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   Development of the Village of Verwood.  


Verwood or Fairewood is recorded in 1841 as :-

"a hamlet or tything of Upwimborne hundred, four miles east of Cranborne". 

It consisted of two small manors and was under the Priory of Cranborne. The old family de Bello Bosco or BeauBois held this estate and manor in the fourteenth century and it is presumed that the village was named after this family, as translated it means fair wood. This name has had many variations during the centuries:-

  • The Feet of fines relating to Dorset , record 1329 to 1436 reads "Fairwood".

  • The Feet of fines relating to Dorset record 1436 reads "Fayrwood".   

  • The Feudal Aids record of 1284--1431 reads "Fairewode"

  • Calendarium Inqnisitionum post mortem London 1805-1823 records in 1416 "Le Fairewode".

William Camden's map of Dorsetshire 1607 reads as "Wrtwood". Kelly', map of Dorsetshire 1610 reads as "Wierwood". Even today many older inhabitants pronounce Verwood as Ver'ood or Ver'ud.

By a charter at Fairwoode on December 8th 1377:- 

"Williain dc Bello Bosco granted to Walter Vicar of Cranborne, John Kcnne and John Boghler and their kin, all the lands, tenements, meadows, woodland, heath, marsh, pasture, rents and services which lie then had in Lcstcsford, Fairwoode and Boverige."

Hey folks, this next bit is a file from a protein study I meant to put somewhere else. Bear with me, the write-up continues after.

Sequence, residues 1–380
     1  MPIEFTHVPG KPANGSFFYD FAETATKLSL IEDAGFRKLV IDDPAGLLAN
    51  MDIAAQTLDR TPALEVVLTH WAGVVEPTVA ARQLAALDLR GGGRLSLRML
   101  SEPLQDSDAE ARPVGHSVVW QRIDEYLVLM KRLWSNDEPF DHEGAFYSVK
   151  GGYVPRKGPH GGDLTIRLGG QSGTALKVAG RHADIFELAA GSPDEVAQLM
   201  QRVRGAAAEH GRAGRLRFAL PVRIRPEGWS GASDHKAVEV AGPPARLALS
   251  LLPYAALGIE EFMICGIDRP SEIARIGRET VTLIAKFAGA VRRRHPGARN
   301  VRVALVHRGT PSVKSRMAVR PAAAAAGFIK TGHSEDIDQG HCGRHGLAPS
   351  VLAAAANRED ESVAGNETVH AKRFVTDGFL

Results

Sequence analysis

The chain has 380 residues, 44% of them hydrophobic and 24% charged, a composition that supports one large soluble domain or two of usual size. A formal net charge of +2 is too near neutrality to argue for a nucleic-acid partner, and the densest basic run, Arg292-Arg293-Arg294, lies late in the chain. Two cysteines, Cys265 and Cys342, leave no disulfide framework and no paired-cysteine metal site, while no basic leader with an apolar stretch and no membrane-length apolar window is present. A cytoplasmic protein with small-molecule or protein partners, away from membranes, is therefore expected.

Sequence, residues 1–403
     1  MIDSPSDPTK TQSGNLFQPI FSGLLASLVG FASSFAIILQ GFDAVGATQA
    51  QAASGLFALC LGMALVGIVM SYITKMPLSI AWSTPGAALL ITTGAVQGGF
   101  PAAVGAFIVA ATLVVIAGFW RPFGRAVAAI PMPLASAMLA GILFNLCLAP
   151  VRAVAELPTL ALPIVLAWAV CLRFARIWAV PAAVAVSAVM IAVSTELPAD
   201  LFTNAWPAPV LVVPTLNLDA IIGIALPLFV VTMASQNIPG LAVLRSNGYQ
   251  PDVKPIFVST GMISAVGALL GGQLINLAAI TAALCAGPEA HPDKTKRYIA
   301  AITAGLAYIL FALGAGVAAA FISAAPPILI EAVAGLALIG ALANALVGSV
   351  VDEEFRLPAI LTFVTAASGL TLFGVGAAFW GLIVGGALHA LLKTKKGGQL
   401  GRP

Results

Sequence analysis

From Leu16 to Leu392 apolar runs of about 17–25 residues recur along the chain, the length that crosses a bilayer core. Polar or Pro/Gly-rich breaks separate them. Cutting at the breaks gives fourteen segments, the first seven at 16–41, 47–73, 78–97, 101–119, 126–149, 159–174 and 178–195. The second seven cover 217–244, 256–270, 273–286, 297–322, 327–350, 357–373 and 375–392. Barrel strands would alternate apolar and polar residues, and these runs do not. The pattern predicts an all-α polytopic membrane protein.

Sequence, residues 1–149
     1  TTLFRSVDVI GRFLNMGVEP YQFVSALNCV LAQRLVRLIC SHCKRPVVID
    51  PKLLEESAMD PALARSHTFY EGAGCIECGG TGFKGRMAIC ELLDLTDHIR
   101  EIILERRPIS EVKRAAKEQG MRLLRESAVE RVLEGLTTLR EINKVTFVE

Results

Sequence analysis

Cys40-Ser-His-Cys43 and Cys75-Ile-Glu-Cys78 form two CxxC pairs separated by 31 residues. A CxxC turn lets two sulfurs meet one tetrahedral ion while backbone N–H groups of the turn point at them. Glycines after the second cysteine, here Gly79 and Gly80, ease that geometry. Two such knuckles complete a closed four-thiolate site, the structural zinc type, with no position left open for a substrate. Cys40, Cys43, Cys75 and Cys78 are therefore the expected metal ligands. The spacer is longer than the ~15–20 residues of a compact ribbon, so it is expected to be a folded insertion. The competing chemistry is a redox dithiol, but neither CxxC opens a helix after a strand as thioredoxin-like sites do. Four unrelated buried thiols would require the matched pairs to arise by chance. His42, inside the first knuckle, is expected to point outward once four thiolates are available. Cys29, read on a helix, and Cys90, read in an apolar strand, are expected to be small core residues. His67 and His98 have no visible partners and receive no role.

Other charters must have been made as Huchins records that 'William Filial of Woodlands held at his death in 1417 the manor of Lestesford - juxta - Fairewoode.

In 1739 the manor called Cray's Farm belonged to Jeremiah Cray of Ibsley, and the manor called Pottcrne, previously Wimborne Potterne, to the widow of General Sir George Bingham K.C.B., Sarah Cray.  Both these manors became the property of William Fryer esq.   Fairewoode had a Chapel of Ease situated in the grounds of Cray's Farm but it was in ruins by 1666. This property was called Chapel Close and remains could be seen in 1841, but today nothing remains, not even the name Chapel Close.

At the end of the nineteenth century the villagers were able to rent land from the landowners on a life-hold basis, that is, the property was taken out on any three people in the village and when those three people died, the land passed back to the owner of "fell into hands". A little ground rent was paid but not on a weekly basis, in one case it was one pound a year.  The only conditions seem to have been that the property had to be maintained in proper order, although the landowner or "squire" had never actually built the house himself.

The villagers built their cottages from local mud or cob which was dug from adjoining land or from a suitable patch on the common.  

The  car park (see Picture) which was for many years was in the centre of the village was once a large mud pit of this kind called Ferrett's Green. This car park which was in front of the current Heritage Centre was re-sited behind the Centre in 2002 and the original car park returned to a garden area retaining its original name of "Ferrett's Green". The picture below shows the new Ferrett's Green with the Verwood Heathland Heritage Centre in the Background.

Much of the principal landowners' estates has now been sold although a little of each remains

Copyright P Reeks.     


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